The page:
For now, just start keeping a list of possible topics. Put a notepad by your computer, or next to the cash register, or on the bathroom sink – they say you can get some of your best ideas in the shower! Anytime you think of something that’s worth writing about on your blog, jot it down.

Before long, you’ll have a nice, long list of topics to choose from – and no matter how often you’re blogging for your website, you’ll be glad to have them!

Got any tips of your own for finding blog post inspiration? Hit us up in the comments below and share your creative wisdom!

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About Laura Roeder

Laura Roeder is a social media marketing expert who gives businesses of all sizes the tools they need to make their mark on the web. She is the creator of the social media scheduling software Edgar, as well as social media marketing web courses like Creating Fame and Social Brilliant.


  1. I’m guilty of panic blogging, though not as frequently as in the past. My method these days is simple. When an idea strikes I open a fresh Word document, jot down the topic, any initial thoughts or links and save for later. When I’m ready to write the preliminary research is done.

    It’s simple but it works! And I usually have a handful of documents saved in case one doesn’t pan out.

  2. One of the best pieces of advice I’ve been given is to answer questions that people ask you as a business owner on your blog. You can then send people the links when they ask the question, and they may well be googling that question as well and hopefully they will find you. The other thing is to write about what your target audience is interested in and be really helpful to them. I make nursery accessories so at the moment I’m writing a series about how to create a safe nursery for your baby. Hopefully people will read it, see the things I have to offer and think I was really helpful and make lovely stuff so they’ll become a customer.

  3. People who don’t do it think that blogging is easy. If I don’t have a schedule, I end up putting it off and in the past I have been sporadic at best. I know keep faithfully to a calendar both on my blog and in regard to adding content to my website. I think of themes, I pore through magazines and books, I talk to people in order to come up with ideas. For me, not only having the topics but an inventory of posts is helpful. I spend one morning every week doing nothing but writing posts. It feels really good. Thanks for the reminders – I am running out of inventory and need to get back to work!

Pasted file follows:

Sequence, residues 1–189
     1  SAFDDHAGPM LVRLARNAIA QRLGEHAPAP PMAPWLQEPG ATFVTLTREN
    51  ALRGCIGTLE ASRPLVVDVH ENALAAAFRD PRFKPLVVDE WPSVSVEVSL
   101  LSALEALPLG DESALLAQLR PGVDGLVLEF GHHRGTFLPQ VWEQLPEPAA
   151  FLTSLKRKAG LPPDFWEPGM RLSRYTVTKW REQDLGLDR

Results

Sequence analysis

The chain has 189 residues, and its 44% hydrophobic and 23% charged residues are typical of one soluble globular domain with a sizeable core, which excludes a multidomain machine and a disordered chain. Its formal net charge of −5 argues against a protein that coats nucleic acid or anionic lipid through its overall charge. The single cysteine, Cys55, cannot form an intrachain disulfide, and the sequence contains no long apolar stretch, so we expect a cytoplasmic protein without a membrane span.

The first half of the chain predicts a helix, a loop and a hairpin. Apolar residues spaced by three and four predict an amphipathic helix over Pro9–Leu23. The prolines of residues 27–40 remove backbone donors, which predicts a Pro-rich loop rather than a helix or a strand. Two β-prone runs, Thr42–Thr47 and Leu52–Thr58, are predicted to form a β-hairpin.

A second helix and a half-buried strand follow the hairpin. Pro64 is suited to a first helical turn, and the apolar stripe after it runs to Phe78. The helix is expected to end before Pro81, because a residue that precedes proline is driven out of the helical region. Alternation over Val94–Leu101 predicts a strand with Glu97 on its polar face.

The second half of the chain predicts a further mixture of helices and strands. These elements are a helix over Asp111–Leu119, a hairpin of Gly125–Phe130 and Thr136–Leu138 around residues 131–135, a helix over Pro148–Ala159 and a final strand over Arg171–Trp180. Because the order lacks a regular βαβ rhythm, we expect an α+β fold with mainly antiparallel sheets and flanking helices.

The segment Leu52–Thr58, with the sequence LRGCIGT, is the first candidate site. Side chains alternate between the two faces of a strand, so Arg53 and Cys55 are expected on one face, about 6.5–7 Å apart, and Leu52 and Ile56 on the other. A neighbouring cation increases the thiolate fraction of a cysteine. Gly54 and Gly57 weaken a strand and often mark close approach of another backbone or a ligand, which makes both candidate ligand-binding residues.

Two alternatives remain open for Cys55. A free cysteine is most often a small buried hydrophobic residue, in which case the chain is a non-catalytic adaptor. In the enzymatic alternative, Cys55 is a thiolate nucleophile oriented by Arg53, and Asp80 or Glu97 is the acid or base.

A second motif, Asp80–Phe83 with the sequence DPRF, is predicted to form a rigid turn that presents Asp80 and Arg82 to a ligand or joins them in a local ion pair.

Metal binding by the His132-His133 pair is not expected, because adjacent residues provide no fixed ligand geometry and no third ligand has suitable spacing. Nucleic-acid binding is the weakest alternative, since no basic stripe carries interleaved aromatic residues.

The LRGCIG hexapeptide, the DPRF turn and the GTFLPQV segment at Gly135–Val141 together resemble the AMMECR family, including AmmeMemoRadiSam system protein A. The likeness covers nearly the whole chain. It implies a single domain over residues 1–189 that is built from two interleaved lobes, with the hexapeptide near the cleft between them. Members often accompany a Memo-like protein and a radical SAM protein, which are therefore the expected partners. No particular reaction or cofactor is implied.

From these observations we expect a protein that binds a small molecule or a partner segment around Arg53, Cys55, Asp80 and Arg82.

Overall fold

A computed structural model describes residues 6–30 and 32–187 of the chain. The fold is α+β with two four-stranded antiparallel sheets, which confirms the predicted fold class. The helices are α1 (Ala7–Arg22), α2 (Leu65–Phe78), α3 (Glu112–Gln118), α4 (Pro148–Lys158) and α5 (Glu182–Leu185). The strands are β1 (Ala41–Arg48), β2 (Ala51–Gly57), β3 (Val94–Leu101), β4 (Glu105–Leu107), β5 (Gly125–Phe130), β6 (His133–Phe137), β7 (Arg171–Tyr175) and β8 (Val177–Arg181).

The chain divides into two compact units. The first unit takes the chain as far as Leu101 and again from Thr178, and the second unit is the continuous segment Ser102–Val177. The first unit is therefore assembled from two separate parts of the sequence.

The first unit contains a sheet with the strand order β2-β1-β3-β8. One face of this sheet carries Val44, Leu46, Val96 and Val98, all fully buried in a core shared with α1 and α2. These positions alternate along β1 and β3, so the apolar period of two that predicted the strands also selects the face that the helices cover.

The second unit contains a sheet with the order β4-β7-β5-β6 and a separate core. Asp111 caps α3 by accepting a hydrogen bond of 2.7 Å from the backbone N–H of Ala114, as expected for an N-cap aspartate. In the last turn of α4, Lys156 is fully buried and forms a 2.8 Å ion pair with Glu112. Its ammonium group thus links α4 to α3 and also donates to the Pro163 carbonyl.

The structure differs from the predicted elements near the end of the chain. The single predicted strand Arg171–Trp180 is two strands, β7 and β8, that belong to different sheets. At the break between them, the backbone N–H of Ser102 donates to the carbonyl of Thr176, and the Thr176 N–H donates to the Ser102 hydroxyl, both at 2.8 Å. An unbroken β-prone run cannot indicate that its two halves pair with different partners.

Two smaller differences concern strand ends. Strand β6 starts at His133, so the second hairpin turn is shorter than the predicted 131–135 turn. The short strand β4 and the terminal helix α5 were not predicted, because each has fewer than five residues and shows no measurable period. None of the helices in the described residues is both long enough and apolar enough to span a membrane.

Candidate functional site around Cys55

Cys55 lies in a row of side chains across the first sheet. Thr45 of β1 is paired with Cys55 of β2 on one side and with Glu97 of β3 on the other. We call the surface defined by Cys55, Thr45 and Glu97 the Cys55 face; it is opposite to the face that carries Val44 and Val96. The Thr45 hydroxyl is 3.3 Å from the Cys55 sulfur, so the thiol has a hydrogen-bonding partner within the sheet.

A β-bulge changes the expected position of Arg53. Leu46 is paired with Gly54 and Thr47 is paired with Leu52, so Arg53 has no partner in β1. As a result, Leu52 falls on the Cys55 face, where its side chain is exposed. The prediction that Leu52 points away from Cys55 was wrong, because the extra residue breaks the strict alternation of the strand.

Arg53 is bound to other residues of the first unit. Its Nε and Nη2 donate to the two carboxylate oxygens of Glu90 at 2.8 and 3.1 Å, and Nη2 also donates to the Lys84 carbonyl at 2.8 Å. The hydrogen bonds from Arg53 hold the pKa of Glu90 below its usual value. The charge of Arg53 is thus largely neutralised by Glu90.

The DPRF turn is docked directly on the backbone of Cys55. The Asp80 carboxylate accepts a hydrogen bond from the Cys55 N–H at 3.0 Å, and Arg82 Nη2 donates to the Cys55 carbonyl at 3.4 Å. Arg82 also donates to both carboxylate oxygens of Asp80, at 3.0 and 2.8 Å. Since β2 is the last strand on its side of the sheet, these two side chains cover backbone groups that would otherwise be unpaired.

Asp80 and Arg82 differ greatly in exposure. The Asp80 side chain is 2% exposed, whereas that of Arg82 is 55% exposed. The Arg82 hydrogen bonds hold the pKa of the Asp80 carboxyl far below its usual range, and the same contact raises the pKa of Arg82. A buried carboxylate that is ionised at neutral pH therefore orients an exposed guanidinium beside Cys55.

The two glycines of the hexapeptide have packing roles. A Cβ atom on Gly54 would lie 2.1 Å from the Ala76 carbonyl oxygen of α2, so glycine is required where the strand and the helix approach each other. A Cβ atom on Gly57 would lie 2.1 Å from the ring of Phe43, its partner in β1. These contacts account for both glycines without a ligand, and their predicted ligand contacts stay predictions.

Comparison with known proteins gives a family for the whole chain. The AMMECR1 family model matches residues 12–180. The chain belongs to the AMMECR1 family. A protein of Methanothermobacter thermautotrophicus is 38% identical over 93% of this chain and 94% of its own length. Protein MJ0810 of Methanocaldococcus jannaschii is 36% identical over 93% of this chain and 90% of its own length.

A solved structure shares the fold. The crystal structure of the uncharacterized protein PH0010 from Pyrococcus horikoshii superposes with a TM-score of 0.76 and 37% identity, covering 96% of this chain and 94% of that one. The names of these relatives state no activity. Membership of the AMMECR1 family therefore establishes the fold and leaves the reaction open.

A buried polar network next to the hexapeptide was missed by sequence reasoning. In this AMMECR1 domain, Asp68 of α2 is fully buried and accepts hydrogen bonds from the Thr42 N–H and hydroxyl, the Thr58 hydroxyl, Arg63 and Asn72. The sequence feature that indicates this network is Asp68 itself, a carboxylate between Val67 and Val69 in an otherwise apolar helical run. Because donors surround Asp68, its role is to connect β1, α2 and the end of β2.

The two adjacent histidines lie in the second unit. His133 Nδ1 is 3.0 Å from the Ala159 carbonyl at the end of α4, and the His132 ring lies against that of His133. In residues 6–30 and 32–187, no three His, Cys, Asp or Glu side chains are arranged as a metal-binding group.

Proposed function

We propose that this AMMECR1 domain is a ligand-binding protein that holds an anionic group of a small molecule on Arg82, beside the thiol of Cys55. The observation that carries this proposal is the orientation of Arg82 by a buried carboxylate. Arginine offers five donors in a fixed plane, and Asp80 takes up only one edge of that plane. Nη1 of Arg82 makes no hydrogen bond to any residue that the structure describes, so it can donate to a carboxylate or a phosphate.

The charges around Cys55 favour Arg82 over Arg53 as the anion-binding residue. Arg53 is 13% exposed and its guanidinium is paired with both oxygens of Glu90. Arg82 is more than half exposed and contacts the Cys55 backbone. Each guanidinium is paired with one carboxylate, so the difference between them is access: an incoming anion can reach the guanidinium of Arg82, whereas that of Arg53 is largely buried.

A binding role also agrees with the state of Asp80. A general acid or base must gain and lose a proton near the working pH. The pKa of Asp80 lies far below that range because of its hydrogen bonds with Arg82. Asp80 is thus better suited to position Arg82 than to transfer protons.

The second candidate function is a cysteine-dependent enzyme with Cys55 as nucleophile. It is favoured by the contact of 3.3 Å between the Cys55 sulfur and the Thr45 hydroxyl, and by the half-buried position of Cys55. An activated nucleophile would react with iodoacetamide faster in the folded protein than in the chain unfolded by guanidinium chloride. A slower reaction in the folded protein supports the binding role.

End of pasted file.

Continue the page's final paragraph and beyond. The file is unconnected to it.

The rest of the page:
4. I work weekly, but am striving to accelerate toward a monthly schedule where I hand over all the month’s posts at once to the human in my team who posts and SEO-izes all! I note blog post ideas after every client meeting in a google doc, sometimes extracting content from client meeting notes for a head start draft. Similarly, when I have unsolicited bright ideas, I ask Siri to send the blog idea to me to add to my google doc. Quick-to-write blog posts like cross-posting to another’s blog with my commentary, I cluster in a special section for times I haven’t time for more in-depth writing. I have accumulated a seemingly infinite blog source pool from which to pull for my monthly editorial calendar.

  5. Laura, this post has a perfect timing!
    I’m setting up my first editorial calendar because I’m restructuring my brand and I want (and need) to take my posts to the next level, so this insights on your planning come in quite handy.

    I usually just wrote what came into my mind about actual topics, which got good results. But with planning (I believe Nick Reese plans almost 1.5 years ahead) I’m confident to take my blog to the next level :-)

    Best regards,

  6. Guilty!
    I once had it all planned out, then as business gets busier it has fallen behind. Thanks for this reminder to schedule it all out. My goal is to post 3 times a week and we have just added contributors so an editorial calendar is a must going forward.
    Getting my list out right now!

  7. Great tips, Laura! I just published my blog less than 2 wks ago. Before the end of night 1, I had 101+ likes on my newly launched FB page. And in less than 48 hrs, had 300+ page views on my new sigsiteht. Small analytics…but certainly quite the “liftoff” for my grassroots effort! #ImProud

    Anywho, the last 9 days have had me a teeny bit overwhelmed, wondering how I will manage this, what i’ll post about and WHEN. How often is enough to keep people engaged? How big do I want to grow my brand? Maaaaany many questions…so I just stop thinking, breathe, and smile. :-D

    All of that to say, keeping a simple calendar really puts the #chillpill on social branding. A plan as simple as a working title can definitely be enough to give me momentum week-to-week. I have a big empty dry erase board just waiting to hold my thoughts. Thanks again!!